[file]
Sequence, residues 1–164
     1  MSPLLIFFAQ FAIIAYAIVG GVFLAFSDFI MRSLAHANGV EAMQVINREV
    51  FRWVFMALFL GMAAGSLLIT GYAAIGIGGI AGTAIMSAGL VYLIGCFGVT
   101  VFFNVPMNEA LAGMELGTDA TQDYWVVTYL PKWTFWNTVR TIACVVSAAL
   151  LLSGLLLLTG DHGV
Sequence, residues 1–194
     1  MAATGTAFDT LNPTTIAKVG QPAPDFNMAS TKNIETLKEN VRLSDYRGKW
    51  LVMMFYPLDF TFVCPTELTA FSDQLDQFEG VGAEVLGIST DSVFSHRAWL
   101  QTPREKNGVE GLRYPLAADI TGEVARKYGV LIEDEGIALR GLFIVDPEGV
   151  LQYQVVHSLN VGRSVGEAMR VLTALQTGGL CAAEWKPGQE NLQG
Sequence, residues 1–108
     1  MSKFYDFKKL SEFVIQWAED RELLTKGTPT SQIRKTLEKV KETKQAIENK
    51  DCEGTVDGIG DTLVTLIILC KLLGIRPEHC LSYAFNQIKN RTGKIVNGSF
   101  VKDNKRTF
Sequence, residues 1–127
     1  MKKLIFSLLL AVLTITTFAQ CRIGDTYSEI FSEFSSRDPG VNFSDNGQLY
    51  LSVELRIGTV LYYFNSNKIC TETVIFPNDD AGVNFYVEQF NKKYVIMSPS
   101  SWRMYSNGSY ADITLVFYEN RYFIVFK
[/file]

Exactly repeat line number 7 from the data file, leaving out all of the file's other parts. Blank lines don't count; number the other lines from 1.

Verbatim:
     1  MAATGTAFDT LNPTTIAKVG QPAPDFNMAS TKNIETLKEN VRLSDYRGKW